Walter E. Washington Convention Center | February 9, 2017
(Dana Levin, Richard Siken, Sarah Vap, Jaswinder Bolina) How do we avoid writing the same poem our entire lives? How do we frame reinvention from project to project? When can the pressures of reinvention become limiting and when transformative? How does material success and failure affect artistic change? Five poets try to shed light on these questions by providing ideas, inspiration, and one poem from their own reinvention projects.
Published Date: May 3, 2017
Welcome to the AWP Podcast Series. This event was recorded at the 2017 AWP Conference in Washington, DC. The recording features Dana Levin, Richard Siken, Sarah Vap, and Jaswinder Bolina. You will now hear Dana Levin provide introductions.
Thank you so much for coming out here at 10:30 on Thursday. We really appreciate it. My name is Dana Levin and I’m a pseudo-moderator for Victoria. The name of this panel is Protean Acts: The Art of Reinvention, and what we wanted to talk about today was how do you reinvent your work? How do you stop writing the same poem over and over? Is it a problem to write the same poem over and over? Um… some people probably have strong feelings about that, and some people are probably like, ‘Eh!’, um… oh, I forgot to say I teach at Maryville University. I was supposed to say that… in St. Louis. I wanna share with you the questions that Victoria posed to us, that we’re going to attempt to answer in different ways and then we’re gonna leave room for questions—for Q&A.
Question One: Do you think about reinvention, consciously or not, related to your work? If so, how has thinking about reinvention helped you creatively, or do you think about reinvention another way?
Question Two: Do you think reinvention can be limiting? Why or why not? Do you think there’s a pressure in our culture to ‘make it new’?
Three: Is there a particular moment, project or poem where you were more conscious about reinvention than other times? If so, why?
Four: Are there any reflections in hindsight that you have on the process of reinvention that you can share?
And then the last question is: The weight of our historical moment and how it may be pressing upon us and you, in terms of re-evaluating the kind of work that you write, whether or not your feel that you must respond to this historical moment. What happens if you do not have a gift for the political? And how do you… participate in that?
Um...the first person who’s gonna attempt to answer some of these questions is Jaswinder Bolina.
Hello. I’m Jaswinder Bolina. I teach at the University of Miami at the MFA program there. I’m replacing Jericho Brown who should be here, and I should be there, ‘cause I’d like to hear what you have to say, but Jericho’s there so we can ask him about it later.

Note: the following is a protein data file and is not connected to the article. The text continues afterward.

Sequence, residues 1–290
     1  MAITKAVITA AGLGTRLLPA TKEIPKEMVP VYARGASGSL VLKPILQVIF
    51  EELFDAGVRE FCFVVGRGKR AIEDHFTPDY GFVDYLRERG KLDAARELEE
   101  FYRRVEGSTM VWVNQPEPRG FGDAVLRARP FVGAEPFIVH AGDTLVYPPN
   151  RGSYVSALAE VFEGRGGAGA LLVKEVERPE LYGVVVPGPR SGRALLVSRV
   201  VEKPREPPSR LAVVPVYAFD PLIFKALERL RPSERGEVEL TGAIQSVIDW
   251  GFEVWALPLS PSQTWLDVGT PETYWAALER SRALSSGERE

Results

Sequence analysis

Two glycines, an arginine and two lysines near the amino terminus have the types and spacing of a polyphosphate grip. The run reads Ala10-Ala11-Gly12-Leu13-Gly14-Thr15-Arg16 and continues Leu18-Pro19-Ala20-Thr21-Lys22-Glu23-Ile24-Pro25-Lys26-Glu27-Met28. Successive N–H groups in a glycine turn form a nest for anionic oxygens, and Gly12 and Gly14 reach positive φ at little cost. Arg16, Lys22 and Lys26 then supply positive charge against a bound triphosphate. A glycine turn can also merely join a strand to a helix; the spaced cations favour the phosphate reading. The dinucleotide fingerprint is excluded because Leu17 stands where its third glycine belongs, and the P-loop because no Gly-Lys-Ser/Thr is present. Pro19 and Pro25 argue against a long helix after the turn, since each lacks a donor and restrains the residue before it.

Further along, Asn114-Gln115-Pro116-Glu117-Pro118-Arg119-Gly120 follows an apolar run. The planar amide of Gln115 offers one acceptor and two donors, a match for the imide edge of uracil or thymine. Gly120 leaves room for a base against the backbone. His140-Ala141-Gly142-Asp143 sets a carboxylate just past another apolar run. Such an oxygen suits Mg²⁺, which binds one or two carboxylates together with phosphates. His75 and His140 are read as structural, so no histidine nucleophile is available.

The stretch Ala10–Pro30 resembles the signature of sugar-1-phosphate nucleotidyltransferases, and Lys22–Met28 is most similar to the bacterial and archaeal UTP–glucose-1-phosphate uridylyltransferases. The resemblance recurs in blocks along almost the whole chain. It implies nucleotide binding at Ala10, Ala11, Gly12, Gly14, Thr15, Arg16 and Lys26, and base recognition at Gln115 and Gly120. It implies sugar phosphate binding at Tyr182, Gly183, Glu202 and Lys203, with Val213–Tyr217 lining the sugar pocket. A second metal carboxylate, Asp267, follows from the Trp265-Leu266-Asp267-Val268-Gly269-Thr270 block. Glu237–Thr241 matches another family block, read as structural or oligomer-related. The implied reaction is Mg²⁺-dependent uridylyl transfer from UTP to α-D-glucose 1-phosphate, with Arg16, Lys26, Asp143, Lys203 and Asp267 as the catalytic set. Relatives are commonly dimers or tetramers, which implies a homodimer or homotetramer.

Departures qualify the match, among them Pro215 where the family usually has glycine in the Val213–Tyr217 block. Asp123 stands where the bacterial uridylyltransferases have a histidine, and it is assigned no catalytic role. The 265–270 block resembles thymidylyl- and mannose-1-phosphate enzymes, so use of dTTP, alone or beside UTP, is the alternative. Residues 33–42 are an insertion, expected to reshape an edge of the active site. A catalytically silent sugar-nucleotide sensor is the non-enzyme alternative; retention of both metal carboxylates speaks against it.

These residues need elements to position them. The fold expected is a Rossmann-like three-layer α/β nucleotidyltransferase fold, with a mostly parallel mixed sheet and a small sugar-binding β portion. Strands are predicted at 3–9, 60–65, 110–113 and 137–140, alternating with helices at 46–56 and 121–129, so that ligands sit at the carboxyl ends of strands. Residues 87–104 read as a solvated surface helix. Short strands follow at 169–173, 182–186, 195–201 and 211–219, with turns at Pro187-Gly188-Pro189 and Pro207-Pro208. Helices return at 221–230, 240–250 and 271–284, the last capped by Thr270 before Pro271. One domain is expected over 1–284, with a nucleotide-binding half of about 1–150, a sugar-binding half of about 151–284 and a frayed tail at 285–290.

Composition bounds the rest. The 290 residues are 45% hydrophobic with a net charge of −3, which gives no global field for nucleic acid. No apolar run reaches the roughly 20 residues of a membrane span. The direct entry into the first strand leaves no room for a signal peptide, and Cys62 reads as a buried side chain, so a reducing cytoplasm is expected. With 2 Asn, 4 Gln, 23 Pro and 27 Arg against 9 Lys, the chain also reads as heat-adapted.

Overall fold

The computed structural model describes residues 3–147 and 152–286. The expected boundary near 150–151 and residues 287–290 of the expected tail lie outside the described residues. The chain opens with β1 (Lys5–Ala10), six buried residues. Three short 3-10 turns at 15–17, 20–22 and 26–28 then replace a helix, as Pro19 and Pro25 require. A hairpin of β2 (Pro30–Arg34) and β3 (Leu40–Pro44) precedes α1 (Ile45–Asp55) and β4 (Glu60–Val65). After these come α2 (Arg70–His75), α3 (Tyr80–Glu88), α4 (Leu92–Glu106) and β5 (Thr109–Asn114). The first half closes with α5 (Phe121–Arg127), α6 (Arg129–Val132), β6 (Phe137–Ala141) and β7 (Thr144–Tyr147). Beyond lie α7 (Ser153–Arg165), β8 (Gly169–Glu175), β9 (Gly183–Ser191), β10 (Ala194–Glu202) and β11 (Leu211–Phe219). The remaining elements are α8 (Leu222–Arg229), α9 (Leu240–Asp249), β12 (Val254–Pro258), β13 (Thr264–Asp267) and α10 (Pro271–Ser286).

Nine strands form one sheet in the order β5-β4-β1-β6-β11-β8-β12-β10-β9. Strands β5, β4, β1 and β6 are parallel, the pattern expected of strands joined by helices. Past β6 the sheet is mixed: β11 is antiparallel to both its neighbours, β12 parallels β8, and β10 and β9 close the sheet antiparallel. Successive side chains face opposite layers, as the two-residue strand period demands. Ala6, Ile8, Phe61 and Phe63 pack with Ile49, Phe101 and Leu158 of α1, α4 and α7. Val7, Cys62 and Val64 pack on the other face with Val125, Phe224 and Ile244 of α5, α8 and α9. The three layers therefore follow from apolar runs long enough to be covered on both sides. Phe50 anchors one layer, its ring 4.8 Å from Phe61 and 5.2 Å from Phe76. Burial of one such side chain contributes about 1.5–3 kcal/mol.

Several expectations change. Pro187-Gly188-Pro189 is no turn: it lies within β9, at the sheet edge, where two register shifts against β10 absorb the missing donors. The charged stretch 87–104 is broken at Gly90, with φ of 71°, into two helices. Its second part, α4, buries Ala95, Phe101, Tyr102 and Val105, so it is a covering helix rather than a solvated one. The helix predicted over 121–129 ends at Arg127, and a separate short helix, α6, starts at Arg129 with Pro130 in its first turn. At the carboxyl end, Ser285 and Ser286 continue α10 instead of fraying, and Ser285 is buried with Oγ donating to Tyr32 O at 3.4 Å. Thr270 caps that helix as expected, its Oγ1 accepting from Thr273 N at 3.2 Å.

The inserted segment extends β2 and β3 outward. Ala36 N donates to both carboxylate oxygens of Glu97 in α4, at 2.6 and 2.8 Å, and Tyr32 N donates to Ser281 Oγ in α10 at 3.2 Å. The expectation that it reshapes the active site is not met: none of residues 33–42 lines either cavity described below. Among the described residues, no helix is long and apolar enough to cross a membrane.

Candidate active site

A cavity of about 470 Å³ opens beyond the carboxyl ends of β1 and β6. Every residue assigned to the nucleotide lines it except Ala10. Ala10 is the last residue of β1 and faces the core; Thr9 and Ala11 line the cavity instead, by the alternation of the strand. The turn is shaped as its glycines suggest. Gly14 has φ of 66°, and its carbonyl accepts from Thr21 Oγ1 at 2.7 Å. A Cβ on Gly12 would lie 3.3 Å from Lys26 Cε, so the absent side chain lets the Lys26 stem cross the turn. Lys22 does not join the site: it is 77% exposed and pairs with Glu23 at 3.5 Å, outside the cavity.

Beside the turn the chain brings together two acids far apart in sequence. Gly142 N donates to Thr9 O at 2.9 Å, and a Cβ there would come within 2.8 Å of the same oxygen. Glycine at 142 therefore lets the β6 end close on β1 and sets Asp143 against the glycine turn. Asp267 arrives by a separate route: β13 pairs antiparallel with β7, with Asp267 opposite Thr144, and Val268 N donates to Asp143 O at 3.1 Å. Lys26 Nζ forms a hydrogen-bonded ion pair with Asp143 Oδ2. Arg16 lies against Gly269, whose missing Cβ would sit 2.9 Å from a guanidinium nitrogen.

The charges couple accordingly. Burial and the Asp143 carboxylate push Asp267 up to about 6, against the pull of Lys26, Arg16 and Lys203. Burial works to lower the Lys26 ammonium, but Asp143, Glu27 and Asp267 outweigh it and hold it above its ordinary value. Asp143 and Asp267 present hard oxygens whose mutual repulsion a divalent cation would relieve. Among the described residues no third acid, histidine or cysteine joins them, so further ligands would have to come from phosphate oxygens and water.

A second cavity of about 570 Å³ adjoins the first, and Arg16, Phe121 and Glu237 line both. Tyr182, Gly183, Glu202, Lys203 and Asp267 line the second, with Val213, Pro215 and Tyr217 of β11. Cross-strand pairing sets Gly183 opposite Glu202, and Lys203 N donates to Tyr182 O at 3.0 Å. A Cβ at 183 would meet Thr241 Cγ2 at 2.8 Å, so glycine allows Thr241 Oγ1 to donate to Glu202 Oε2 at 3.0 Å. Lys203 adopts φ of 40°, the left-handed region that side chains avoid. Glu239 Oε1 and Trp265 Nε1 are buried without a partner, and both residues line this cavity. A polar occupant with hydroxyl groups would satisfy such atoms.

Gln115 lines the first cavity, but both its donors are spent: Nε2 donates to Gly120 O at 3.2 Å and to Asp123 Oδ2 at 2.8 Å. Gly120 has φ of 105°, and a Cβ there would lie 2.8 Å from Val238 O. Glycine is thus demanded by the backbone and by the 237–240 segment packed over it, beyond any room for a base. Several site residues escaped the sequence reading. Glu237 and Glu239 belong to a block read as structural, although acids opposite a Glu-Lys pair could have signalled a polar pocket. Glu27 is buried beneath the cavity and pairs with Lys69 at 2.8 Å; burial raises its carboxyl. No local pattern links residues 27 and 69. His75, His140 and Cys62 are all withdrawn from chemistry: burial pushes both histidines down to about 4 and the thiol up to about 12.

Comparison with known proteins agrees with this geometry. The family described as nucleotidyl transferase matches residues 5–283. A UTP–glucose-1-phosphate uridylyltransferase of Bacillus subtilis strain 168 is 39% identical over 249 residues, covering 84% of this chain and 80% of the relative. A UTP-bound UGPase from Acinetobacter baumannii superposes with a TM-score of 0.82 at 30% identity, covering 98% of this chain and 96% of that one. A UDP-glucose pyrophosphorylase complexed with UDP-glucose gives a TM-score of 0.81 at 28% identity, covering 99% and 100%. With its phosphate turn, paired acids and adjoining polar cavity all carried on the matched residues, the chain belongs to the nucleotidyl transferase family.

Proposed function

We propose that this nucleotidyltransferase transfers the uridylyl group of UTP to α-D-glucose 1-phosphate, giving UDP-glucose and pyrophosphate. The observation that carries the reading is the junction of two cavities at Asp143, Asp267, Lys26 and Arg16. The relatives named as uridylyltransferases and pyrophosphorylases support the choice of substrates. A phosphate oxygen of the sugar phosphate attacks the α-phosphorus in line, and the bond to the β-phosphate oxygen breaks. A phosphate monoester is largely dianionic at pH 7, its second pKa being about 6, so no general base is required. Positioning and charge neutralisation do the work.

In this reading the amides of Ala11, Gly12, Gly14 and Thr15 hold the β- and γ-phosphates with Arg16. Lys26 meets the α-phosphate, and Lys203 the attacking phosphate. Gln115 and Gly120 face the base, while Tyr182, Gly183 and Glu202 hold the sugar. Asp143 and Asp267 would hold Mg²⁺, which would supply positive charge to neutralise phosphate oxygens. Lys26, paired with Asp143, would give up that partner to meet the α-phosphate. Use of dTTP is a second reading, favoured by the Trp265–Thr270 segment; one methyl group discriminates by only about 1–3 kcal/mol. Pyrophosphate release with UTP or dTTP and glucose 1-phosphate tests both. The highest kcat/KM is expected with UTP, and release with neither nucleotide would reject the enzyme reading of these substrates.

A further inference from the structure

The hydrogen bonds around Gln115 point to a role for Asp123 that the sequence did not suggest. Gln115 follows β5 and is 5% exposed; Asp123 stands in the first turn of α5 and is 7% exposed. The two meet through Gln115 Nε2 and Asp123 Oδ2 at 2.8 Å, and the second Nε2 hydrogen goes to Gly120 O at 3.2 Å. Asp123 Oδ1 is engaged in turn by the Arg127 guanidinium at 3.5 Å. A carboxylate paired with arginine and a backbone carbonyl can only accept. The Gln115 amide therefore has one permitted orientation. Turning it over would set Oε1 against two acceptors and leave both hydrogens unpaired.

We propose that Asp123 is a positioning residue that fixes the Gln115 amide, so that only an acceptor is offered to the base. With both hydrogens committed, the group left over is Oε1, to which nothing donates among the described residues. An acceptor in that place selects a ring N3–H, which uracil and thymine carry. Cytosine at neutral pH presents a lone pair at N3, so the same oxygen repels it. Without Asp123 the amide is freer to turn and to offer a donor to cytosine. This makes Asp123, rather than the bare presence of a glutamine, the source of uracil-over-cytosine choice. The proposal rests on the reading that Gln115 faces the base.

Uh, so I… it’s a strange thing, I’m so much more curious to hear what they have to say and I never feel like a I have a lot to offer but then when I think about the questions Victoria had for us, they... even when I got asked to be on the panel, they’re pretty central, I think, to my work and the way that I think about it, but over the last couple of weeks, kind of mulling some of this over, I realized that I grew up listening to David Bowie, and, um, reinvention, it was sort of the heart of the game with him. On the other hand, I also grew up listening to people like Bruce Springsteen, where reinvention is not part of the game, or if it is it’s much more subtle or quiet, and so I think of poets too, and I think of a poet that I got to work with as an undergrad, Dean Young, who, if there is a reinvention it is a pretty subtle and career long one. Um... and I feel like Mary Ruefle falls in that category, but of course when we look at their work and we see, I think, a lot of difference from one poem to the next and so the question becomes how do they generate that difference, and I don’t think that it is necessarily that conscious. I think it ends up being… for me it’s about obsessions, right? What I’m obsessed with... what sound I’m obsessed with. I know that in my first book I got really fixated on the phrase, literally, the part of the sentence, complete or incomplete, where the most interesting words were kind of next to each other. And, consequently, that book has a lot of, sort of, disjunction to it, and if there are structures there are a lot of holes in them, because all I was interested in was, oh, I don’t know, for a lack of a better term, beautiful phrases. In the second book I started to get a lot more interested, and I don’t think I was doing this deliberately, I mean I thought I wanted to do something very different from one book to the next, but when I started to think that way it locked me up and I got blocked for like six months or a year. I couldn’t write anything, because I was thinking, “I don’t want to write like myself,” and “What do I do next? How do I make something up out of nothing?” But once I let that idea go, that deliberate idea of, “Oh no, I’m gonna do Ziggy Stardust,” you know, I started to just sort of write what I was obsessed with and it changed. It changed from just the beautiful phrase to the weird line break. I started to get really obsessed with a complete sentence, but cutting it in such a way that the next line would seem like it came a little bit out of nowhere. And I realize that I did that almost for the entire book. Like, that was the driving principle behind what I was working on, and, again, it wasn’t deliberate, it was just kinda what I got stuck on, and now that I’m finishing, or kind of have finished my third manuscript, I realize that my obsessions have changed and weirdly they, it has become an obsession with the prepositional phrase, which Marjorie Perloff authored an essay says it’s like a terrible thing to do, so my apologies to Marjorie, but I really liked the prepositional phrase all of the sudden, so everything in the book is ‘of something else,’ or ‘with something else,’ and I didn’t realize I was doing that until the book was done and I read through it and I thought, “Marjorie Perloff’s gonna be very, very angry with this book because it’s all prepositional phrases and a lot of complete thoughts.” And the other thing that ended up happening throughout, I think, the arc of the three, is that I’ve always been interested, in touching on at least, the political, and I don’t mean, you know, the political in the vague sense, I mean in the topical sort of direct sense, where I started my MFA program in the week before 9-11, and so I feel like that, how could you write about anything else? And so, there was this sort of, I didn’t know how to do it, and so the constant through all this has been trying to balance my fixation on craft level things, like line breaks or phrases or prepositions or whatever it is, with a more consistent interest in balancing the personal with the political—being able to touch on the political on every turn. So, I think in this weird way that last thing makes my work sound like my work, because it always returns the same idea, but it’s a level of craft that if there is a reinvention, or a real big gap from one piece to the next, it’s almost exclusively born of the language itself and some obsession I’m having with something in the language, less than it is any kind of deliberate or conscious choice, and I suspect others have different versions of that, but I’m gonna hand it off.